There is something disarmingly strengthening when you hear that innocent piping voice of history whispering from the unencumbered past, ‘excuse me, but I think you are perhaps mistaken…”
I am not a climatologist, but…
I am certain that the congregation of the pro-warmist faith is probably 99 per cent made up of people just as ill-qualified as me to pontificate. Still, as they do, so shall I. Here goes. Warmists of course hide behind their elect — their priesthood of ‘experts’ who all agree that the Earth is warming as never before. Every chance storm or dry spell is another “I told you so”.
Warmists concede that the Romans had it hot across northern Europe and that Chaucer basked in a Mediterranean climate, but thereafter it was downhill — just look at all those Dutch master paintings of frozen canals, they opine. They call it the Little Ice Age and it persisted till pesky man blew carbon dioxide up its back passage.
Peter Collinson (1694 — 1768) was in the wool trade, but his hobby was scientific enquiry and his greatest love was gardening. He corresponded with such luminaries as Linnaeus and Ben Franklin. He was a Londoner. Like any gardener he delighted in looking over the garden wall of other such enthusiasts — not in a spirit of envy or competition, but, as befitted his Quaker upbringing, with admiration for a fellow tiller of the soil who made a success of their plot.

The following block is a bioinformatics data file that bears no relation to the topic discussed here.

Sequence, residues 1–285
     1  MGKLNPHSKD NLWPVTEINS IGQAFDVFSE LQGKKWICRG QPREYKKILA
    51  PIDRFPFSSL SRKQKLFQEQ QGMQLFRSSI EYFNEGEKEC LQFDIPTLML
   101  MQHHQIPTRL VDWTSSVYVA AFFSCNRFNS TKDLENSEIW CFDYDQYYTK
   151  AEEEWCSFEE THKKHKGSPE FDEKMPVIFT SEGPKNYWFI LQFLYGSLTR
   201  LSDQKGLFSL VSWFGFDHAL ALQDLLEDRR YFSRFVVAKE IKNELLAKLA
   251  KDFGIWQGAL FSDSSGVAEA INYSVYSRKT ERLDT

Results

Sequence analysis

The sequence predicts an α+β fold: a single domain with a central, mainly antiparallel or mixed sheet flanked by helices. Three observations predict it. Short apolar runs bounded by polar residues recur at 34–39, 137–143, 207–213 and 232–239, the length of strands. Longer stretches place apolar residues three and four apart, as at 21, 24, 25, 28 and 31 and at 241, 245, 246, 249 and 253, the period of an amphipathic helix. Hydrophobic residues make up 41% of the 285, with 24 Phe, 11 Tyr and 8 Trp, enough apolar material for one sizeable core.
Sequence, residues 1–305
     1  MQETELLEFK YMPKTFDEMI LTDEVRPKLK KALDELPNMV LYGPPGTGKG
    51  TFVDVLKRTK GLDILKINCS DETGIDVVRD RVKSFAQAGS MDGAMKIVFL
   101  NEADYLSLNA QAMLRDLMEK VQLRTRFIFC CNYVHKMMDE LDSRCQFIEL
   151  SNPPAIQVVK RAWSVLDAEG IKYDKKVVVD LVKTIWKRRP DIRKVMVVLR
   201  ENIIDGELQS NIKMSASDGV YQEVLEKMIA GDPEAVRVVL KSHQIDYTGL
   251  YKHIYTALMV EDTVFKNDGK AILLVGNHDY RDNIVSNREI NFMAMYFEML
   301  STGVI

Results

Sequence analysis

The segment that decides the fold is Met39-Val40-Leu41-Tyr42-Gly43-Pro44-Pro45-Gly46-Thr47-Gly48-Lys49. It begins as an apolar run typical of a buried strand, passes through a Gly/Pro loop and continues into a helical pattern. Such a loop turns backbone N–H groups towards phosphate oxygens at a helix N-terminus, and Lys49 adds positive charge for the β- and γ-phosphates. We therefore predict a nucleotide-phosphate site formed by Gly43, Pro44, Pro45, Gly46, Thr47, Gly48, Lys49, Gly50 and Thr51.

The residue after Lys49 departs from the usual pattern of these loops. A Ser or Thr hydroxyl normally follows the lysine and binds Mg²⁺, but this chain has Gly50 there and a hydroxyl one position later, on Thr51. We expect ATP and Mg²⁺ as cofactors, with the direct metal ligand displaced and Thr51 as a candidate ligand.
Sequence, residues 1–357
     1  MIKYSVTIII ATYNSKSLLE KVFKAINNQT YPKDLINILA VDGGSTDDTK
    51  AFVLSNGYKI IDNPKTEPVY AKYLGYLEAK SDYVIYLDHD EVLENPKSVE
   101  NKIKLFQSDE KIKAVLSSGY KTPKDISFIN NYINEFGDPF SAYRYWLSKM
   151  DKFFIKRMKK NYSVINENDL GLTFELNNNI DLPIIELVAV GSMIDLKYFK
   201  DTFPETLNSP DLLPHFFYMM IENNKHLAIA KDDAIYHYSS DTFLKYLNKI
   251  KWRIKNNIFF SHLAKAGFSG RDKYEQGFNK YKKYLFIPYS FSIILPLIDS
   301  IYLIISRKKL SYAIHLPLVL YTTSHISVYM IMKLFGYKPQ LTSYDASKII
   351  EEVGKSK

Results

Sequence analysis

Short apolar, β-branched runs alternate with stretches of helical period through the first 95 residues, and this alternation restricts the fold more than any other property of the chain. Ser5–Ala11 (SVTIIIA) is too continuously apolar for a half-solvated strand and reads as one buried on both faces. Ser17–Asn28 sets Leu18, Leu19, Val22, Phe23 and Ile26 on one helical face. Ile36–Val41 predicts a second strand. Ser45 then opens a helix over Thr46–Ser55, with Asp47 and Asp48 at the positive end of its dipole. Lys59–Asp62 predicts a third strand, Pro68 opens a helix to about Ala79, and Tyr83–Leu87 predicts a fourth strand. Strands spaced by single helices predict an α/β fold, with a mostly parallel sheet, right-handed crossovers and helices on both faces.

So it was, that three years before his death he went to call upon a professional grower in what was then the countryside but is now the expensive and sought after continuation of Chelsea along the King’s Rd towards Fulham, a suburb known as Parson’s Green. This is what he noted in his diary.
“Oct. 18, 1765. I went to see Mr. Rogers’s vineyard at Parsons Green, all of Burgundy grapes, and seemingly all perfectly ripe. I did not see a green, half-ripe grape in all this great quantity. He does not expect to make less than fourteen hogsheads of wine [63 US gallons in each hogshead barrel, by the way]. The branches and fruit are remarkably large, and the vines very strong.”
So way into the little ice age it was so hot in October that grapes ripened so regularly that they could be commercially made into wine. As Galileo would say to the fascistic tendencies of the righteous in science… ‘Epur si muove’.